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It’s 4/20, Dude – Here’s Some Stoned Cold Advice from One Medical Expert on Recreational Marijuana Use

It’s 4/20, Dude – Here’s Some Stoned Cold Advice from One Medical Expert on Recreational Marijuana Use

Marijuana in a jar on 4/20
BENLJOHNSON/SHUTTERSTOCK

Know what you smoke.

By Katia Hetter, CNN

(CNN) – As some people mark 4/20 as “weed day,” a day of celebration of marijuana use, I don’t want to bum you out — but I might.

Over the past decade, there has been a trend toward legalizing marijuana in the United States. Currently, at least 37 states, plus Washington, DC, have a comprehensive medical cannabis program. A growing number of states, currently at 21, have legalized recreational marijuana use.

I wanted to learn about the research around marijuana use, including the effects it has on the user and the medicinal uses for cannabis. I turned to CNN Medical Analyst Dr. Leana Wen, who has many concerns about recreational cannabis use, especially for certain populations such as young people and pregnant people.

Wen, who urged users and would-be users to be cautious, is an emergency physician and professor of health policy and management at the George Washington University Milken Institute School of Public Health. She previously served as Baltimore's health commissioner and as chair of Behavioral Health System Baltimore, where she oversaw policy and services around substances that can cause addiction, including marijuana.

CNN: What are the physiological effects of marijuana?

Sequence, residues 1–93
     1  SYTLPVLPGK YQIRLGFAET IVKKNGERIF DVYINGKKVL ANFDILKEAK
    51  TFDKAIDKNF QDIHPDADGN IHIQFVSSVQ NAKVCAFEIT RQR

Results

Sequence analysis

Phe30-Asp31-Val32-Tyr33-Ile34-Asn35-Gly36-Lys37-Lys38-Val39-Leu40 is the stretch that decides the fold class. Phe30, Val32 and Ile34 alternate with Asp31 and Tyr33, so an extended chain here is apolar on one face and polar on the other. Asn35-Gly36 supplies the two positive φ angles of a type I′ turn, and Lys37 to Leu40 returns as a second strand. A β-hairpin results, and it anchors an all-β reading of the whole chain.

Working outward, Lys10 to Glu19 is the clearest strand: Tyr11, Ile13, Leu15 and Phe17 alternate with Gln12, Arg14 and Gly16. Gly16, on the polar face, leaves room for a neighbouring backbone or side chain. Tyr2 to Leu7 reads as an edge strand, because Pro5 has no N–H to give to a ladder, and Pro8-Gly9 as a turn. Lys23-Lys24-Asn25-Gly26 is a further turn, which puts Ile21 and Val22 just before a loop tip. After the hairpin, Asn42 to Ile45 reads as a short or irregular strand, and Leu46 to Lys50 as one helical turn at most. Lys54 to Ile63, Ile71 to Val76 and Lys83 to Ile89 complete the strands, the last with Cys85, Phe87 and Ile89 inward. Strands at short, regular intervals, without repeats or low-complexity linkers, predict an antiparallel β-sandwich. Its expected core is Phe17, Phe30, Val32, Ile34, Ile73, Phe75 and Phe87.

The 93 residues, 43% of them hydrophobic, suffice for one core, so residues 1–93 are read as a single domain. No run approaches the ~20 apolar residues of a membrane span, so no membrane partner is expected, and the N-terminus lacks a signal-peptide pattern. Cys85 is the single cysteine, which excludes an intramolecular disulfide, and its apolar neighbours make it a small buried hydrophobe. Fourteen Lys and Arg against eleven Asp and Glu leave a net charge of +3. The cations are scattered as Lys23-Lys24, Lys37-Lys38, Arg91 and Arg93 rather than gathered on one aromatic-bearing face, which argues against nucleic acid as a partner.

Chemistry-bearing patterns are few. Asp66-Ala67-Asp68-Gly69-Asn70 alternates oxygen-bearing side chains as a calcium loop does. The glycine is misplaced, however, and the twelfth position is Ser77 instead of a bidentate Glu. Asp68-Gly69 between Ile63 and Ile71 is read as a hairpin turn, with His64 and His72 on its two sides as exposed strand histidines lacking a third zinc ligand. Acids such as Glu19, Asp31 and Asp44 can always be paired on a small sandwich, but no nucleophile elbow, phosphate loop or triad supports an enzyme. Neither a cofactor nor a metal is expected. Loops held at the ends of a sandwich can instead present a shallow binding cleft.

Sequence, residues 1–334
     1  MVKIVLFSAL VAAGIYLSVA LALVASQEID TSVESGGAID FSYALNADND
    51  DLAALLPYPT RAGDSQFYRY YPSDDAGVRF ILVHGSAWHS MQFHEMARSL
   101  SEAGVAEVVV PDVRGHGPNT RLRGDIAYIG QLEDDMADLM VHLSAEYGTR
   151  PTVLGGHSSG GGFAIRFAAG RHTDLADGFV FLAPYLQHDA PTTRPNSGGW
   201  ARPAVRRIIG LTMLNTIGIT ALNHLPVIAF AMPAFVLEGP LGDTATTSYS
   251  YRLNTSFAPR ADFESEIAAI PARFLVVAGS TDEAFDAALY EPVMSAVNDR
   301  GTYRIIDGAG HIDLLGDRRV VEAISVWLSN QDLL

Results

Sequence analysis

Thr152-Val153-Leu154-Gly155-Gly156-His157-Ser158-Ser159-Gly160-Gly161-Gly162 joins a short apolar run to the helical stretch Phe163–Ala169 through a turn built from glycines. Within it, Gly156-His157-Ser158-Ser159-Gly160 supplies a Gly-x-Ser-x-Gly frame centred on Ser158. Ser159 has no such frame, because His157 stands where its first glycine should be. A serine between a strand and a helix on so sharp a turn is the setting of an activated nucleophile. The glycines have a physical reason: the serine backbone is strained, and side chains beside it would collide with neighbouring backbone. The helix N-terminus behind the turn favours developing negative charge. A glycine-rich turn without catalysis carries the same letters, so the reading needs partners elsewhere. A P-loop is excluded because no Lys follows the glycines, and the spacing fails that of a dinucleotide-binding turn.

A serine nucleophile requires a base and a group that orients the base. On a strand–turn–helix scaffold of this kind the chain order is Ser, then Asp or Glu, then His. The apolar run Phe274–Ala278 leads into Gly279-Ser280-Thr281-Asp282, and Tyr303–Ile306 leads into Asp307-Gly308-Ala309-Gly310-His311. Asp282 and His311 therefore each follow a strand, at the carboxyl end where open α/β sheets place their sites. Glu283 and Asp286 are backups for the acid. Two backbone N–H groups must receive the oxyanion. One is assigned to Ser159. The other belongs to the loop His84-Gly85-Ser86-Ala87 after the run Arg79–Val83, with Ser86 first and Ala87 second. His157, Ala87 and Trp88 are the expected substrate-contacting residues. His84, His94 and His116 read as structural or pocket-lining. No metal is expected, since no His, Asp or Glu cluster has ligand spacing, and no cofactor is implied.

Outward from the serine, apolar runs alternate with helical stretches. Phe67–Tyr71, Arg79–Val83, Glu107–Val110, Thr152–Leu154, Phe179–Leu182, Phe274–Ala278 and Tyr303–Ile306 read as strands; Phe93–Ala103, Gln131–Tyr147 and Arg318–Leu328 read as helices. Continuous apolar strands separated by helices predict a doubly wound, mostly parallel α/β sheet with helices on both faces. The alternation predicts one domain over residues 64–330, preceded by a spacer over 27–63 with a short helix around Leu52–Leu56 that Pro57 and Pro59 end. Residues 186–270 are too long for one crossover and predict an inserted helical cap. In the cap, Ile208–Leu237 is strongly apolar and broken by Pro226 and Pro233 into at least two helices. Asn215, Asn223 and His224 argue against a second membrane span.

Dr. Leana Wen: Marijuana is a plant that has many active ingredients. One of the principal ones is a psychoactive compound called tetrahydrocannabinol. Often called THC, it’s similar to compounds that are naturally occurring in the body called cannabinoids and can mimic their function by attaching to cannabinoid receptors in the brain. In so doing, THC can disrupt normal mental and physical functions, including memory, concentration, movement, and coordination.

Using marijuana can cause impaired thinking and interfere with someone's ability to learn, according to the National Institute on Drug Abuse. Smoking cannabis can also impair the function of the parts of the brain that regulate balance, posture, and reaction time. And THC stimulates the neurons involved in the reward system that release dopamine, or the “feel-good” brain chemical, which contributes to its addictive potential.

Marijuana is thought to have some positive and medicinal benefits. How can it be used for therapeutic purposes?

Short-term, many users report pleasant feelings, including happiness and relaxation. As a result, some people use marijuana to self-treat anxiety or depression. This is not a recommended use. What often ends up happening is that the person develops tolerance, requiring more and more of the drug to get the same effect.

There are some approved medicinal uses of marijuana for very specific indications. The US Food and Drug Administration has approved THC-based medications that are prescribed in pill form for treatment of nausea in patients with cancer undergoing chemotherapy and to stimulate appetite in patients with AIDS. There are several marijuana-based medications that are undergoing clinical trials for conditions like neuropathic pain, overactive bladder, and muscle stiffness.

I think it’s really important for these and many more studies to continue. Researchers should continue to look not just at marijuana itself but its specific chemical components, since botanicals in their natural form can contain hundreds of active chemicals and obtaining the correct dosages may be challenging. In the meantime, users should use caution in evaluating supposed medicinal claims and clearly understand the risks of cannabis use.